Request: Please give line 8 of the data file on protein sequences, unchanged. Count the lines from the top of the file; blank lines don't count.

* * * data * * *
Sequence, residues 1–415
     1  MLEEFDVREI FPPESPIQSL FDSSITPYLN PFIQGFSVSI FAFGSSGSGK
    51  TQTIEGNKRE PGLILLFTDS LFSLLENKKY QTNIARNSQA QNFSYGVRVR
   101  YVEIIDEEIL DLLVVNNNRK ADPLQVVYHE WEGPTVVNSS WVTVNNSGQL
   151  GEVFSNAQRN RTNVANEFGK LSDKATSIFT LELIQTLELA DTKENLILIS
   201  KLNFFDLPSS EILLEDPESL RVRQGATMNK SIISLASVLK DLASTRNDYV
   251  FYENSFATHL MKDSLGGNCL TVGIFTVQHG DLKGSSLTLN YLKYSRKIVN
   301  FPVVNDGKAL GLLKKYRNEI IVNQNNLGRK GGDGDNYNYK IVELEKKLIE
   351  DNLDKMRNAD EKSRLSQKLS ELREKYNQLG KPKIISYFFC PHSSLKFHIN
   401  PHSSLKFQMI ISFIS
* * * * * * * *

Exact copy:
   301  FPVVNDGKAL GLLKKYRNEI IVNQNNLGRK GGDGDNYNYK IVELEKKLIE